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6

[Possibly irrelevant-to-you aside: a true Hungarian goulash (as opposed to a North American or German or what-have-you goulash) is a soup. It includes a few root vegetables and possibly some "pinched noodles" (tiny little egg+flour dumplings) in the soup itself, but it is served with a hearty slice of bread or two, nothing more. So in that sense, the answer ...


6

While hitchhiking from Portland to San Diego I shared the back of a pickup truck with two men who loved to cook. Their recommendation: Smell the food, smell the spice, if your mouth waters. add the spice. Same goes for combinations of foods. Just as simple as that.


5

tl;dr : yes, there are, but european & asian are diametrically opposed when dealing with 'food pairing', but make sure the meal is 'balanced'. In many European cuisines, the tendency is to select herbs and spices that 'work well together', often called 'food pairing'. This means that they have some chemical compounds in common with the other ...


5

In my experience, dry wines risk being completely killed by hot food. The classical pairing would be an aromatic white, like Gew├╝rztraminer or Riesling, with substantial sweetness. Germany is the role model here, especially the wines around Sp├Ątlese and Auslese levels, with Alsace a close second. (They're also great QPR, but that's a secondary concern.) ...


5

Mesquite is a very assertive flavor that typically goes with beef, especially fatty beef. Pecan and hickory are stronger than apple, but milder than mesquite, and are great for pork or poultry, and work just fine with beef. Applewood is very flexible, a bit lighter and sweeter. It's the only one of the woods you mentioned that I would consider using with ...


5

Homemade paneer, made with full-fat milk. Full-fat is important, as fat shields the capsaicin receptors in your tongue, and can make spicy food more palatable for those that can't handle spice. You can buy paneer at an Indian market, but you can make it at home with minimal effort. All you need is a gallon of whole milk, some lemon juice, a pot to boil it ...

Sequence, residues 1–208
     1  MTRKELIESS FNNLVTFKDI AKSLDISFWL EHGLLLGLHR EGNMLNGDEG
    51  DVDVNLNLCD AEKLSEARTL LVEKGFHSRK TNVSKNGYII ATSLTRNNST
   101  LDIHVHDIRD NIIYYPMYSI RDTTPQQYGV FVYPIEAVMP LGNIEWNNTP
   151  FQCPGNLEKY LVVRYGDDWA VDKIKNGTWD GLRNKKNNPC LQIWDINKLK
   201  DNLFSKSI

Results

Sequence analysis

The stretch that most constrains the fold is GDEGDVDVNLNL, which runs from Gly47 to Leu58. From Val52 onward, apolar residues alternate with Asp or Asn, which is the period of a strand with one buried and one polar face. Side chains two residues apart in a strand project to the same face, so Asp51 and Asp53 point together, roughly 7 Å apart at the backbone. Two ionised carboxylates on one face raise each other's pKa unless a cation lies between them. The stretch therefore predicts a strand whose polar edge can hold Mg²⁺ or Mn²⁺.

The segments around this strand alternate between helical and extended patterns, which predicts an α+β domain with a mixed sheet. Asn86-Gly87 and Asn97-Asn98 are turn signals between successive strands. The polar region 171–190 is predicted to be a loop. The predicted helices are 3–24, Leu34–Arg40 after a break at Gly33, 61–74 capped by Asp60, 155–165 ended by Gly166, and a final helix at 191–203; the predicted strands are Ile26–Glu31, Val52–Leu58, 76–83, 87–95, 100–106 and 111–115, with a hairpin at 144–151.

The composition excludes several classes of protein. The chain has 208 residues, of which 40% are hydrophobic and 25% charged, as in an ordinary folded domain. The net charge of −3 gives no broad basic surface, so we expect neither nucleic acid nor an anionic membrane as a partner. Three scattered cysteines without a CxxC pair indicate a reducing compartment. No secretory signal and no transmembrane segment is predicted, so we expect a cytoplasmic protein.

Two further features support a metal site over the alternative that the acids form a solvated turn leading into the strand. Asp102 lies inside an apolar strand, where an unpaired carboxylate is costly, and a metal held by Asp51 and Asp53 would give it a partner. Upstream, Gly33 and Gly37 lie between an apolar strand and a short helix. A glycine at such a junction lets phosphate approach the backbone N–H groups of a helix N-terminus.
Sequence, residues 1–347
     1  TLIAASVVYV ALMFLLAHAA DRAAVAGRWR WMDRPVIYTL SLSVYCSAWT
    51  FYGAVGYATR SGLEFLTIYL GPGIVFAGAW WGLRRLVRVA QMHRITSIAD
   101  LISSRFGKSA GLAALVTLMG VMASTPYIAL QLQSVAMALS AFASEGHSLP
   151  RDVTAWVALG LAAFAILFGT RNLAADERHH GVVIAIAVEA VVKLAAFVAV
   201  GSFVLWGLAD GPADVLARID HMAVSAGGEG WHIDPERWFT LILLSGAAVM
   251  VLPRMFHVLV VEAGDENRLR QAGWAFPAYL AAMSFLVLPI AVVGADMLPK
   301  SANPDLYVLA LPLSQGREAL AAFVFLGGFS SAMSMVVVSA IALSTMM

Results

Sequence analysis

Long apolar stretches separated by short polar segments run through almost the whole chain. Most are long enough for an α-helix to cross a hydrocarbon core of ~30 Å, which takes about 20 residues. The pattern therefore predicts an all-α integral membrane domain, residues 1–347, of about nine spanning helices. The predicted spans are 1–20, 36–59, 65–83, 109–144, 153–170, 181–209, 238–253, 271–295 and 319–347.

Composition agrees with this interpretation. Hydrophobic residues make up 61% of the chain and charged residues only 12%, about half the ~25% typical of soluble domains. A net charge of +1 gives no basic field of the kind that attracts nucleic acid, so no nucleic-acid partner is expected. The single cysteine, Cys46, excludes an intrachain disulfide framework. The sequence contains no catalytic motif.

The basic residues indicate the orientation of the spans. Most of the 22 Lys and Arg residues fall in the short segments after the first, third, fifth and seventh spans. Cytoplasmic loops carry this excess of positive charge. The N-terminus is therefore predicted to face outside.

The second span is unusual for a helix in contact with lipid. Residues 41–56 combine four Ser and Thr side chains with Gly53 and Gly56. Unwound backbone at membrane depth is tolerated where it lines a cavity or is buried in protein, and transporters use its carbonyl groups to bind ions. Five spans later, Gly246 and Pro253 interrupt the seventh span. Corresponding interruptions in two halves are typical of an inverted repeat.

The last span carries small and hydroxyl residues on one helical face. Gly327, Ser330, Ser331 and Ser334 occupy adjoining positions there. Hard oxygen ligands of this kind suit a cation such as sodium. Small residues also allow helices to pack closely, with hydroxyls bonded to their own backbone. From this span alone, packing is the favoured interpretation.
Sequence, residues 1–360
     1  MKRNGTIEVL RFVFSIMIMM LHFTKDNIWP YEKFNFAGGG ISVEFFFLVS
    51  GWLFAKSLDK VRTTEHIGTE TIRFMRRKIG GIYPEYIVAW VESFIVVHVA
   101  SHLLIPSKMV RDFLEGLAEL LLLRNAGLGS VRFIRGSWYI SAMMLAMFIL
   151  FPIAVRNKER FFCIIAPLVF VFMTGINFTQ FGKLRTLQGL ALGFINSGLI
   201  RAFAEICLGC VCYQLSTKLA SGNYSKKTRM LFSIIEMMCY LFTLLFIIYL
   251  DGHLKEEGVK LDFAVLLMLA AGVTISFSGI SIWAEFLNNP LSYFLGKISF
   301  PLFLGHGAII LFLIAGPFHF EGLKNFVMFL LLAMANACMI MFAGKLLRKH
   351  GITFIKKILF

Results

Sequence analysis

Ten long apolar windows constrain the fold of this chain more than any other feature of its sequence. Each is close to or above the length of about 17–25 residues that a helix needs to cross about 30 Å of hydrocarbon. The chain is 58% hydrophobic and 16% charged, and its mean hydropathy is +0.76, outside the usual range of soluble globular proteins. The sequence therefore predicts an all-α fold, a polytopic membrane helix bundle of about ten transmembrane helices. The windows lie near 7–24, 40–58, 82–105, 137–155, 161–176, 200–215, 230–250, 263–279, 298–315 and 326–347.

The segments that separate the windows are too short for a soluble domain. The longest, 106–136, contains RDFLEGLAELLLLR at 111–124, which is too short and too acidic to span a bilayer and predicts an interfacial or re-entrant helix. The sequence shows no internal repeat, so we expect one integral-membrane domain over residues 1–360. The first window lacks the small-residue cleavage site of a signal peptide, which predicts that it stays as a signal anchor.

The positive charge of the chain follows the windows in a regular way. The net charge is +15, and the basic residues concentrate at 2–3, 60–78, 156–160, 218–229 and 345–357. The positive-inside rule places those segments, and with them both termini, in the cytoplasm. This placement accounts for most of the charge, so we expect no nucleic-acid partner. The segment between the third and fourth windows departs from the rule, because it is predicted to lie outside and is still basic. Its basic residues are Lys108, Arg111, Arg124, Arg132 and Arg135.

5

Paneer is the obvious one. It can be used as a primary ingredient in a curry.


4

In Ireland boiled or glazed ham is a staple. Traditionally it's had with cut up cabbage (ideally you would cook the cabbage in the same water the ham was boiled in as this gives it lovely flavour) but you could just cut it up and pan fry it with a little butter. Normally it would be served with boiled floury potatoes. Traditionally (in Ireland) you wouldn'...


4

Liquid smoke is made from distilling actual smoke and so, to some degree, it tastes like the wood it comes from. For example, I can detect fruity apple notes in apple wood. Of course, the flavor of smoke itself is far more potent than any of the notes imparted by the type of the wood. In my experiments, I have found that any kind of wood (or liquid smoke) ...


4

First, a caveat: different people and different cultures have different tastes, so no pairing recommendations are likely to be perfect for you. Books You can find books on this topic, for example by searching for flavor pairing on Amazon. A couple of the most popular ones: The Flavor Bible - for each ingredient, lists a large number of other ingredients ...


3

No, not in a useful sense. There are many, many ingredients and flavors, and while there are trends about what works, they aren't rules: there are so many exceptions that you can't actually use the trends to predict whether a given pairing is a good idea, especially since people's tastes and cuisines vary wildly. With experience, you'll likely develop ...


3

I have had success pairing steaks with freshly pressed apple juice, as the tartness helps offset the richness and fats of the meat and cheese. An apple/raspberry mix works beautifully, too, as does apple and blackcurrant. While ginger beer and ginger ale may work, you run the risk of the drink taking over the show, which you don't want. Two more pairings ...